More than half of mental health professionals say they are too busy to provide the care they would like to give, according to a new survey.
The survey of more than 1,000 mental health professionals, carried out by the British Medical Association in collaboration with the Royal College of Nursing and Association of Clinical Psychologists, suggests workforce shortages are having a major impact on workload, staff wellbeing and morale.
“There are desperate shortages of care staff of all types across mental health"
Dr Andrew Molodynski
The findings also show shortages are affecting the quality of care with 52% of respondents reporting they were too busy to provide the care they would like on the last shift they worked.
Meanwhile, more than two in five – 44% - said their individual workload was mostly or entirely unmanageable.
In all, 1,036 mental health professionals took part in the survey, including 390 nursing professionals such as mental health nurses and nursing associates.
It forms part of a report by the BMA, which warns that despite recent investment and a renewed focus on improving mental health, mental health services across the UK continue to suffer from inadequate funding and staffing amid rising demand.
The Measuring Progress report suggests plans to expand the mental health workforce – including bringing in 4,000 more nurses – are “at risk of being unachievable” in turn threatening much-needed improvements to services.
It shows the overall mental health workforce has grown little in the past 10 years with a loss of 7,000 nurses, health visitor and midwives since 2009.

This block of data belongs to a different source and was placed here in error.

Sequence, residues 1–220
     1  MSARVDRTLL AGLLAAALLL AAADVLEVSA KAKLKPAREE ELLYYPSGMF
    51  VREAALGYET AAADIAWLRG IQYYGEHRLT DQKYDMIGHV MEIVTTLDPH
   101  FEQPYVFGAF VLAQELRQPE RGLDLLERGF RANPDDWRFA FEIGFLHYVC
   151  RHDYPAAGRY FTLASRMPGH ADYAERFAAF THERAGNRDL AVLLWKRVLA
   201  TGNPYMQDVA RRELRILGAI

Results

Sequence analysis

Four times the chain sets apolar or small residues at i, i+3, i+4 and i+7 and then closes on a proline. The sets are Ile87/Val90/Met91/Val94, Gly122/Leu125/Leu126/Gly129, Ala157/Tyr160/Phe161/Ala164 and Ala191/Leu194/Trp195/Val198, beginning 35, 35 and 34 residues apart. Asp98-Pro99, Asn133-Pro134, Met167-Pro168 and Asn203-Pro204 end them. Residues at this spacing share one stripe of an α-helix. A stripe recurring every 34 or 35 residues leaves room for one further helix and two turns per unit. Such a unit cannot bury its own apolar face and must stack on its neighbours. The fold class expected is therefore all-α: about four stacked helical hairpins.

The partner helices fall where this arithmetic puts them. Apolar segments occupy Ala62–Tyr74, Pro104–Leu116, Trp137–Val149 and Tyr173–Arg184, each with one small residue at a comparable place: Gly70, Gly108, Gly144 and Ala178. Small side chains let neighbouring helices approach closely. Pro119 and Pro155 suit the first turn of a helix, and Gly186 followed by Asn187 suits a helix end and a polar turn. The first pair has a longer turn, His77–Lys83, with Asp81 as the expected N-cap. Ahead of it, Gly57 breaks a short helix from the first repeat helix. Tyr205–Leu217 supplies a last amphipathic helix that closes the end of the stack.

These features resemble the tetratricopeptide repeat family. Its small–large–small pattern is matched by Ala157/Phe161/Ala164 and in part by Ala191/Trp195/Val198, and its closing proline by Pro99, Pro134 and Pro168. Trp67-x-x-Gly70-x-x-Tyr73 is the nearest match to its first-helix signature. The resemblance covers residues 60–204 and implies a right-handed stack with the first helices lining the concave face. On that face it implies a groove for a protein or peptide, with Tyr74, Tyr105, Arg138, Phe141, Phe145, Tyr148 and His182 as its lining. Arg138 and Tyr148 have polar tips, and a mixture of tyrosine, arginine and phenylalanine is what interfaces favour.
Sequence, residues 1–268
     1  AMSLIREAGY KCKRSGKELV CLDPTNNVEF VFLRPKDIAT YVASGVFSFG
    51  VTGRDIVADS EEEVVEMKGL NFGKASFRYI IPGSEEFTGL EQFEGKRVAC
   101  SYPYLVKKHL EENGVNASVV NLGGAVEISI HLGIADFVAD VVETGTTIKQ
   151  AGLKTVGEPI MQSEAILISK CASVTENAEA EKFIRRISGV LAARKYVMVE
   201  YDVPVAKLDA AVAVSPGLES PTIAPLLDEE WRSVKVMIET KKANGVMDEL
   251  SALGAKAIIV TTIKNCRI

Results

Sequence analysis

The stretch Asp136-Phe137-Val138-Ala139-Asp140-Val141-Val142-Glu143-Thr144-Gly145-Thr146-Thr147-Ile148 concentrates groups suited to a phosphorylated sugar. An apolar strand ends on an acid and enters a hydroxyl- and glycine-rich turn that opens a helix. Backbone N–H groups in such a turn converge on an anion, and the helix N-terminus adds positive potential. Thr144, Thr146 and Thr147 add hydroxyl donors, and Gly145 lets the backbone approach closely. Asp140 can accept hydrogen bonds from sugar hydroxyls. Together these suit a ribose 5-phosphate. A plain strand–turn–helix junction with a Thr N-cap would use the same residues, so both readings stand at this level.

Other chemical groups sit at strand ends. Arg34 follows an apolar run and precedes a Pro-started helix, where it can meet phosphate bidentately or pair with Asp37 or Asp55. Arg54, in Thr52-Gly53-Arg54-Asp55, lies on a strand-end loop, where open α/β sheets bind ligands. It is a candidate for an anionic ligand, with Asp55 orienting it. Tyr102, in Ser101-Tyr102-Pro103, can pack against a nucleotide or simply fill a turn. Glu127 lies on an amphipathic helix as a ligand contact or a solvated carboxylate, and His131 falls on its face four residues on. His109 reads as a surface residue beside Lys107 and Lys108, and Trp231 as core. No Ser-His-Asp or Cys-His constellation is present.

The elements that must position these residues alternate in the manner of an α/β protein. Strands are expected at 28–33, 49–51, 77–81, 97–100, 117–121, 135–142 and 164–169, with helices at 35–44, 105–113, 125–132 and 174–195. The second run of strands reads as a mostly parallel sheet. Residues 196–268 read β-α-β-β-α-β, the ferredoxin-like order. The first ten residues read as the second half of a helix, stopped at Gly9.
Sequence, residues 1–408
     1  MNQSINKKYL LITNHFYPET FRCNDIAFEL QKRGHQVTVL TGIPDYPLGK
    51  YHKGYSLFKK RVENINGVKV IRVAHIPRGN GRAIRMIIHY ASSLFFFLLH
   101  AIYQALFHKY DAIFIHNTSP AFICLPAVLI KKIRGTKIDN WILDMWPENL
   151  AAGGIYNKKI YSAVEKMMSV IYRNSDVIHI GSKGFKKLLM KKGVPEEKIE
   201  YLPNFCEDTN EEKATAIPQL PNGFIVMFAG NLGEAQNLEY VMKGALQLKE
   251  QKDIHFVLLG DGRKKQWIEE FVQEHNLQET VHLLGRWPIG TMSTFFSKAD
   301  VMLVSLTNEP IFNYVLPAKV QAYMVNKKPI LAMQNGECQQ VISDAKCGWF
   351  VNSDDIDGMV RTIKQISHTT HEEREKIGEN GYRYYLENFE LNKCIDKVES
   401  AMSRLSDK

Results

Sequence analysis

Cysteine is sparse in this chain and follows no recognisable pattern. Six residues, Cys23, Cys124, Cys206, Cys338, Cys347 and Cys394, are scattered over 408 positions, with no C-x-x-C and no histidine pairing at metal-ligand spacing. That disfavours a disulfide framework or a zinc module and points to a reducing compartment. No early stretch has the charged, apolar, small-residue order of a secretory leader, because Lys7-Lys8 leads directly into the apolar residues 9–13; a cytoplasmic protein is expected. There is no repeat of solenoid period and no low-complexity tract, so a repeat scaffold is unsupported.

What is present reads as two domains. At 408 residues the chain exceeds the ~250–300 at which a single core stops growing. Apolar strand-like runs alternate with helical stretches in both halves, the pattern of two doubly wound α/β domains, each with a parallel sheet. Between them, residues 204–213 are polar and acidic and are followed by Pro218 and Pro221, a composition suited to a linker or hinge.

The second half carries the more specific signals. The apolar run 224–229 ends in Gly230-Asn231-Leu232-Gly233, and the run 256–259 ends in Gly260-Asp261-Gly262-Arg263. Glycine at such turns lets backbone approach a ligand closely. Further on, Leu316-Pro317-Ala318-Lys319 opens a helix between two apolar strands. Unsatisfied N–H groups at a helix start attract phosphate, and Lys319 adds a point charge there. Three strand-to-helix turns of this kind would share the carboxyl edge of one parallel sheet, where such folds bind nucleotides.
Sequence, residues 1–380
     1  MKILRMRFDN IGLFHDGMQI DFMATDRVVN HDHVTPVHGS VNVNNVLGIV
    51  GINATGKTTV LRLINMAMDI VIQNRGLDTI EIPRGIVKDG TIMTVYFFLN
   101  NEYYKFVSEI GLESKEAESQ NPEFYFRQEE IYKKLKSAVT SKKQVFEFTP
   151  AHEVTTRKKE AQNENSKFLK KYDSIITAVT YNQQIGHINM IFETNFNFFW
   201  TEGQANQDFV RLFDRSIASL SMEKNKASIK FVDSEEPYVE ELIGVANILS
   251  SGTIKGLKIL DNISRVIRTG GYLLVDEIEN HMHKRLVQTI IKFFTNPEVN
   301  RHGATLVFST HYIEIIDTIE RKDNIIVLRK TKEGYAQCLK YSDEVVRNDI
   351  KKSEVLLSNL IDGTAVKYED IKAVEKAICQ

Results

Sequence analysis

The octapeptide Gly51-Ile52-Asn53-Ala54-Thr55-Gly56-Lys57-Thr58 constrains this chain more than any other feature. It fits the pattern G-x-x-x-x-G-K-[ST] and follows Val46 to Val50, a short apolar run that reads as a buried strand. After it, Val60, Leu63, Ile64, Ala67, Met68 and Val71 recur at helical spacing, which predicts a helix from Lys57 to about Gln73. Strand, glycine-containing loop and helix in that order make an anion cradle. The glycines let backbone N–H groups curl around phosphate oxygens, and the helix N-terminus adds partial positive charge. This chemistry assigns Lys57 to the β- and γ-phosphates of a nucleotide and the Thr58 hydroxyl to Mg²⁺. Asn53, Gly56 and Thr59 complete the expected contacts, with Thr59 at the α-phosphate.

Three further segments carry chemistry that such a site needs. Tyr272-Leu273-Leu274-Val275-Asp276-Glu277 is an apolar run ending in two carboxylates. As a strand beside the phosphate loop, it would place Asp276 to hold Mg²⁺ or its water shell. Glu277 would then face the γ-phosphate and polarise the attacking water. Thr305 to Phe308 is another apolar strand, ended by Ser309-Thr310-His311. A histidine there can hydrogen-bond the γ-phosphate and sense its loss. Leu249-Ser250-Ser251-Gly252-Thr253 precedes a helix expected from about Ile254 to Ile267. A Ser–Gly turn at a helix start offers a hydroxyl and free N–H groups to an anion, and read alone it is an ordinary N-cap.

This is despite the fact the number of people in contact with mental health services is increasing year on year.
While numbers in other key groups have remained static, the report points out there has been a slight increase in nursing numbers more recently with about 2,000 more now working in the field than there were in 2016.
However, 12% of all nursing vacancies are in mental health with similar vacancy rates for doctors working in the field and clinical psychologists.
Based on the data and survey findings, the report warns many of the mental health workforce commitments set out in key policy documents such as NHS England’s Five Year Forward View for Mental Health and Health Education England’s Stepping Forward to 2020/21 mental health workforce plan “are not on track to be met”.
The survey found 63% of participants said they worked in a healthcare setting where there were rota gaps across the team. Nearly 70% said rota gaps happened most or all of the time.
Nearly two thirds of nurses – 65% - said that on their last shift or day worked there was a shortage of one of more nursing staff.
Nearly half – 47% - of doctors said there was a shortage of medical staff while 57% of clinical psychologists said there was a shortage of one or more clinical psychologists.